To the editors:

In company with most of the other Chicago booksellers, we are bored to death with the constant rehashing of the “Book Wars” theme [Culture Club, April 23]. Book buyers who find themselves with exciting new shopping options are not in the least bit interested in trade gossip and it might be appropriate for the Reader to set an example and consign this ridiculous nonstory to the trash can. Apart from its contrived nature–when does healthy competition become “a war”?–we, as advertising subscribers to the Reader, find it offensive to read baseless conjecture about the health of our business in your columns.

Chicago is a new market for us and we always expected the real breakthrough to take some time so it’s simply foolish to talk about a poor start. With the decline of older competitors, we are actually discovering our business maturing at a pace greater than we might have hoped for. Nor is it a very responsible position to suggest that the reason we held a sale was to assist cash flow. How could you possibly know that? What was your source for such information? Waterstone’s is owned by a $2 billion corporation and our position is as secure as it gets in business.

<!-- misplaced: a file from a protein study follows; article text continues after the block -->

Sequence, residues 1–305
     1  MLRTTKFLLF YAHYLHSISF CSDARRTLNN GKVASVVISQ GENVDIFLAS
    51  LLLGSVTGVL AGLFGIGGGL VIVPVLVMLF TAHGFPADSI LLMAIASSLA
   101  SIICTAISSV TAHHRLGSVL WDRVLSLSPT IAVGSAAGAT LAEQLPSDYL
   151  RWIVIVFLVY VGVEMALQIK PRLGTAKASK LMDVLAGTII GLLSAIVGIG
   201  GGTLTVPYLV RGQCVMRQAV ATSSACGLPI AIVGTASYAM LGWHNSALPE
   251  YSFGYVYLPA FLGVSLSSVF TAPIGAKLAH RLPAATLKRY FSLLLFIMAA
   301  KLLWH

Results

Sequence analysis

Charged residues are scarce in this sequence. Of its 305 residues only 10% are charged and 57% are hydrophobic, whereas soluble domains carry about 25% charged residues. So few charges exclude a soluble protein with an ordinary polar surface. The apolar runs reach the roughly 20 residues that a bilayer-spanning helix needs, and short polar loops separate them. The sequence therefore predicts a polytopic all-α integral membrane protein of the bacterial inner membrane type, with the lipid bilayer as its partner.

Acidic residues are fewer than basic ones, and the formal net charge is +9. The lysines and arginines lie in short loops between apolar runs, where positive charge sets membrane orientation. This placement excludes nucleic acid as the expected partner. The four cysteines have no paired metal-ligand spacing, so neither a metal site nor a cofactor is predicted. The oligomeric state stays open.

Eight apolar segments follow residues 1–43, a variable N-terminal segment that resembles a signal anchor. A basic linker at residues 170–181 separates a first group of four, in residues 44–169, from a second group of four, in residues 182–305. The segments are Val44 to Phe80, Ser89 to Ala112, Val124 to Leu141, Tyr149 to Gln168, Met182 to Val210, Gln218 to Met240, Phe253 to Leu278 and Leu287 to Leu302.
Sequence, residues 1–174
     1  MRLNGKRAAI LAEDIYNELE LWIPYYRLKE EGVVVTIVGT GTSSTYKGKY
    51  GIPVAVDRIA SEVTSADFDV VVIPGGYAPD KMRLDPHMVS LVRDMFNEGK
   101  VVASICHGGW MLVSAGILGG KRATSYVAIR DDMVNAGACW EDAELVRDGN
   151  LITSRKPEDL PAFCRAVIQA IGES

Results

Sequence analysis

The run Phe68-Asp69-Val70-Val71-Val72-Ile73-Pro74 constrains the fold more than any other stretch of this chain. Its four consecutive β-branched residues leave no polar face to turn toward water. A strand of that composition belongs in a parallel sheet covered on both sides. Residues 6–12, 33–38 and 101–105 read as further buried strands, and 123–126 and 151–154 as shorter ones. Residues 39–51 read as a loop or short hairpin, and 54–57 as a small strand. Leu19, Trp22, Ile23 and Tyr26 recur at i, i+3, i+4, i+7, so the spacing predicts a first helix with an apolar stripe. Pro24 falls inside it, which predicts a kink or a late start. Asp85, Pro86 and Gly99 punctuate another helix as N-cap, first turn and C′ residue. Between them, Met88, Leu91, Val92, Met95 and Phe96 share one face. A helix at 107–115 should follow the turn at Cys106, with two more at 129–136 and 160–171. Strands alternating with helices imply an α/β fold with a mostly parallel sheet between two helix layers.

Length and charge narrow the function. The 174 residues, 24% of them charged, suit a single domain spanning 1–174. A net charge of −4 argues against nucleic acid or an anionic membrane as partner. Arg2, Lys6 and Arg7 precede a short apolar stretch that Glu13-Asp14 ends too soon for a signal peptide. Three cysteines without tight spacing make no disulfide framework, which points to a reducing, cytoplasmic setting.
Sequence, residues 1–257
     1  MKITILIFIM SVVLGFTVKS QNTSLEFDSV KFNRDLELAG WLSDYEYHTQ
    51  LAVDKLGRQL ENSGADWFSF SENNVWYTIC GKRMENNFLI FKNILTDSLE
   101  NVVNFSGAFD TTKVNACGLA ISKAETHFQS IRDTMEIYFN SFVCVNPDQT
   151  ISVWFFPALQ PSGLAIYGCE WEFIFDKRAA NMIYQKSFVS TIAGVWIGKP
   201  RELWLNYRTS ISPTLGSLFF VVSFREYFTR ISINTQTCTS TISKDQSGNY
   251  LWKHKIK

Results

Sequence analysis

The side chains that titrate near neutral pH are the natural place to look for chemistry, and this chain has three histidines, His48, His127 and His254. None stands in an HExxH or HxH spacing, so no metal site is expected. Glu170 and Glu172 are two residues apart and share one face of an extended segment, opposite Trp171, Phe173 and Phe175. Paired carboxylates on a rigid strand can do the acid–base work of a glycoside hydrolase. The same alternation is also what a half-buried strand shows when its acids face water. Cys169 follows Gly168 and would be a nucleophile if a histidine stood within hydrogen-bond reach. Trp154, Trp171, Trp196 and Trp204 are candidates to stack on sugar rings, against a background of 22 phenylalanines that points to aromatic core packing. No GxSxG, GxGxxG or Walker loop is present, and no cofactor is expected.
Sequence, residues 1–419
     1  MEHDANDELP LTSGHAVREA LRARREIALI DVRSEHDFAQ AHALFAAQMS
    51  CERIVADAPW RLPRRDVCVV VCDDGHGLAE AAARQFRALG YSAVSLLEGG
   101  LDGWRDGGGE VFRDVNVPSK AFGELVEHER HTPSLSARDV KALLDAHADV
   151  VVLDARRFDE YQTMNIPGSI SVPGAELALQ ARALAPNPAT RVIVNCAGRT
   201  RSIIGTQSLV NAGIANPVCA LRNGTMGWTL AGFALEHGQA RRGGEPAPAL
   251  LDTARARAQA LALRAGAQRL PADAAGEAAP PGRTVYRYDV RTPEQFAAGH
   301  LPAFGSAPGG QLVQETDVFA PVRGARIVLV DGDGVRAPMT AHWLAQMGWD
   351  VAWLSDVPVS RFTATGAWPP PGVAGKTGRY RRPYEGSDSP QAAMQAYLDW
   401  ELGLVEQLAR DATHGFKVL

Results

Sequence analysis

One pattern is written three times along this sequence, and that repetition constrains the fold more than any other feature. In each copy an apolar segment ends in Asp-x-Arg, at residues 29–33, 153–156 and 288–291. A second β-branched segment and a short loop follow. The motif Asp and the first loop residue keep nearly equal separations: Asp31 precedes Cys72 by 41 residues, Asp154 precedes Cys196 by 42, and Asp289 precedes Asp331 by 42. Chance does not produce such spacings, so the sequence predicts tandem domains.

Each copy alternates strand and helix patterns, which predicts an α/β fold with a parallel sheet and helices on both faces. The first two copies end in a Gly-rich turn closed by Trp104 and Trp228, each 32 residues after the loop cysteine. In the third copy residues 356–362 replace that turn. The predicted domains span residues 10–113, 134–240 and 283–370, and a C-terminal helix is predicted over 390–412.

In fact, the reason we staged the sale was primarily to spread awareness of the store. Chicago is an enormous city and it’s important for us to reach out to areas outside our immediate catchment area. In this respect we were dramatically successful as the research conducted during the sale revealed.

To conclude, can we simply suggest that this particular dead horse has been flogged enough. Let booksellers get on with their business and let the customers decide as they always do. As for the Reader, let it forget gossip and return to the business of enlightenment and information. From our brief experience, that seems to be what you do best.

Bert Wright

Marketing Manager

Waterstone’s Booksellers